Another round of slow moving thunderstorms and widespread rain is drenching much of the Southeast. There have even been a few severe thunderstorms across parts of Georgia and Alabama.
This storm has a history of producing flash flooding across parts of the southern Plains earlier in the weekend. Houston was particularly hard hit with some areas picking up nearly six inches of rain in a few short hours. Pictures from Twitter and Facebook displayed the dangerous floods with cars stranded in several feet of water.
The similar flash flooding threat will persist across the South into tonight. Rain will continue to fall from the central Gulf Coast into the Carolinas tonight before shifting toward the East Coast late.
This flash flood threat is all due to an area of low pressure that is tracking through the Ohio Valley.
The main threat from this system is flooding from widespread, long duration rainfall. Low-lying areas and locations along rivers and streams will be the most vulnerable for flooding.
Rainfall totals through tonight in many areas will average 1-2 inches with local amounts over 3 inches inches possible, especially from northeast Georgia through western North Carolina.
The Mississippi River is especially at risk for flooding from this system. River levels are already on the rise as water continues to make its way downstream following last weeks flooding rain in the Midwest.
The additional rainfall flowing into the Mississippi River from its tributaries will only add to the flooding potential along the river.
There can also be a few damaging thunderstorms into tonight across the central Gulf Coast region where some heating is occurring. The best chance for these gusty storms will be from near New Orleans through southern Mississippi and much of Alabama into central Georgia.
There has already been one tornado warning prompted by a cell southeast of Atlanta. A couple of additional rotating thunderstorms are possible into the evening hours.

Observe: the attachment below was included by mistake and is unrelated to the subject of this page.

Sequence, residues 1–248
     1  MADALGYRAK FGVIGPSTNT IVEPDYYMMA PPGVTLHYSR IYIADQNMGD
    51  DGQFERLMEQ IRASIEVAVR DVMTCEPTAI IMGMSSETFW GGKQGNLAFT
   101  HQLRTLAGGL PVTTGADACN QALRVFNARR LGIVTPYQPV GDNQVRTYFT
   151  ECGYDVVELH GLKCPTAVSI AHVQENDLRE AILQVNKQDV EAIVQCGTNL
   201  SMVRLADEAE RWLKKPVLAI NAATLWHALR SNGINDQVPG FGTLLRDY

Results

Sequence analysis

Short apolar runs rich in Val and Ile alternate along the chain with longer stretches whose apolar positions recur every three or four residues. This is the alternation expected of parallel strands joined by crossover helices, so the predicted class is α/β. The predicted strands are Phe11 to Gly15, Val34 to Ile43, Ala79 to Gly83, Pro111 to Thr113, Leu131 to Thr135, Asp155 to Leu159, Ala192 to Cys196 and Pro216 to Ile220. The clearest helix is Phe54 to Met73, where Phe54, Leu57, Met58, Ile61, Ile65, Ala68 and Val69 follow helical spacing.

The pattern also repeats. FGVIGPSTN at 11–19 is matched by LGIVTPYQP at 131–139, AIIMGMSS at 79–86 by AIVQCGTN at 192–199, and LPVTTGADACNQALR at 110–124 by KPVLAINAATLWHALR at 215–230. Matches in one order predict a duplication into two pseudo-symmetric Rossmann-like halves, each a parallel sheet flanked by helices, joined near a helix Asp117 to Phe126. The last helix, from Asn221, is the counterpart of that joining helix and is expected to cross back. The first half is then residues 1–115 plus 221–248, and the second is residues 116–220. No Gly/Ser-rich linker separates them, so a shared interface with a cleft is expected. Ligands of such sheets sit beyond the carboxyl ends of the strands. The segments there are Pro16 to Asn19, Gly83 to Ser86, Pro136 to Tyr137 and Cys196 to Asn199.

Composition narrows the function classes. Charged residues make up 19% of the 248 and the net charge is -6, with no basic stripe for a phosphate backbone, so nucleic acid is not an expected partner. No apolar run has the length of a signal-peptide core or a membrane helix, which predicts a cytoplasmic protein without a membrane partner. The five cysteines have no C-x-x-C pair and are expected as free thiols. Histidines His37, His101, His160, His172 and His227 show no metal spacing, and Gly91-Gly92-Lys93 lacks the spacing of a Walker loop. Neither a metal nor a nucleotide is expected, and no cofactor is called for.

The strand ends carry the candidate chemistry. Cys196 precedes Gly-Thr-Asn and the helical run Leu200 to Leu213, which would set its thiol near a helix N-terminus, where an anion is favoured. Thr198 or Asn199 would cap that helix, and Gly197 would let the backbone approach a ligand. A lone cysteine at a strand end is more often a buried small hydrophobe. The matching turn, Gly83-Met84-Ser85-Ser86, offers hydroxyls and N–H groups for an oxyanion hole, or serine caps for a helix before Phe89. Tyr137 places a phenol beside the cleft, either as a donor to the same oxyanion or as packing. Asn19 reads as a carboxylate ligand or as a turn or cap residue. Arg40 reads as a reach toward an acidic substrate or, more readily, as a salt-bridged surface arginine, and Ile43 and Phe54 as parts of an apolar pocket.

The greatest risks from these storms will be isolated damaging wind gusts and hail. Wind gusts up to 50 mph in these storms can bring down tree branches and power lines.
Meanwhile, after the drenching rains across the South continue into tonight, the rainfall threat will also shift into the remainder of the mid-Atlantic and throughout parts of New England into Monday, bringing an end to the nice weather currently in place.
The risk of drenching and locally gusty thunderstorms has expanded to parts of Southern California, Arizona and Nevada.
The Northwest is dealing with yet another record-challenging heat wave to close out July. While relief will come next week, this heat wave will not be the last of the summer.
A cold front will press southward bringing relief from the heat to Spain, Italy and southeast Europe late this week.
Following the steam bath of this week, the weather around Washington, D.C., and Baltimore will not be in a hurry to cool down.
Flooding monsoon rain will continue this week in India and southeast Pakistan, but a drier pattern is expected to set in during August.
In the most destructive hurricane season in recorded history, images from Katrina, Rita, Wilma and others still resonate today and immediately bring to mind the total despair millions of Americans faced in 2005.
11 of the past 12 days brought heavy rain to at least some part of the state.
Thunderstorms with heavy rain flood and washed out many roads across the northeastern part of the state.
Columbia, SC (1991)
July 1991 became the wettest month ever with 17.46" of rain. The old record was 16.72" set in August 1949.